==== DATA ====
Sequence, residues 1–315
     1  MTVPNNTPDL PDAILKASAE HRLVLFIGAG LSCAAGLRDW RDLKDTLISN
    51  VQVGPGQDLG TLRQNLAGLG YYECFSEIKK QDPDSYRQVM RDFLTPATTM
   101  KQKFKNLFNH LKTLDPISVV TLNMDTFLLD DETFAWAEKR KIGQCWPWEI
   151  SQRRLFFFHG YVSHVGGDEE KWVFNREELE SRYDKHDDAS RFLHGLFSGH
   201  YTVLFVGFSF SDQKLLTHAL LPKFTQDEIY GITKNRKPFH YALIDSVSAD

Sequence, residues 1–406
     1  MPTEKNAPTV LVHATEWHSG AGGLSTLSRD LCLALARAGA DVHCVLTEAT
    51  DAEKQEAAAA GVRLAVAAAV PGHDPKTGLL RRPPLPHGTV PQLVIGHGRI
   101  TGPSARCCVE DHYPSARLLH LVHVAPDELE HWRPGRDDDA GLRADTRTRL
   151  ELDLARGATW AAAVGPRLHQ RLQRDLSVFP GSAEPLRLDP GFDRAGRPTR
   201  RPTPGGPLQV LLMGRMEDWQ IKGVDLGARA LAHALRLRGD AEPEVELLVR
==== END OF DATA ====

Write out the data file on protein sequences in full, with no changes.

Sequence, residues 1–315
     1  MTVPNNTPDL PDAILKASAE HRLVLFIGAG LSCAAGLRDW RDLKDTLISN
    51  VQVGPGQDLG TLRQNLAGLG YYECFSEIKK QDPDSYRQVM RDFLTPATTM
   101  KQKFKNLFNH LKTLDPISVV TLNMDTFLLD DETFAWAEKR KIGQCWPWEI
   151  SQRRLFFFHG YVSHVGGDEE KWVFNREELE SRYDKHDDAS RFLHGLFSGH
   201  YTVLFVGFSF SDQKLLTHAL LPKFTQDEIY GITKNRKPFH YALIDSVSAD

Sequence, residues 1–406
     1  MPTEKNAPTV LVHATEWHSG AGGLSTLSRD LCLALARAGA DVHCVLTEAT
    51  DAEKQEAAAA GVRLAVAAAV PGHDPKTGLL RRPPLPHGTV PQLVIGHGRI
   101  TGPSARCCVE DHYPSARLLH LVHVAPDELE HWRPGRDDDA GLRADTRTRL
   151  ELDLARGATW AAAVGPRLHQ RLQRDLSVFP GSAEPLRLDP GFDRAGRPTR
   201  RPTPGGPLQV LLMGRMEDWQ IKGVDLGARA LAHALRLRGD AEPEVELLVR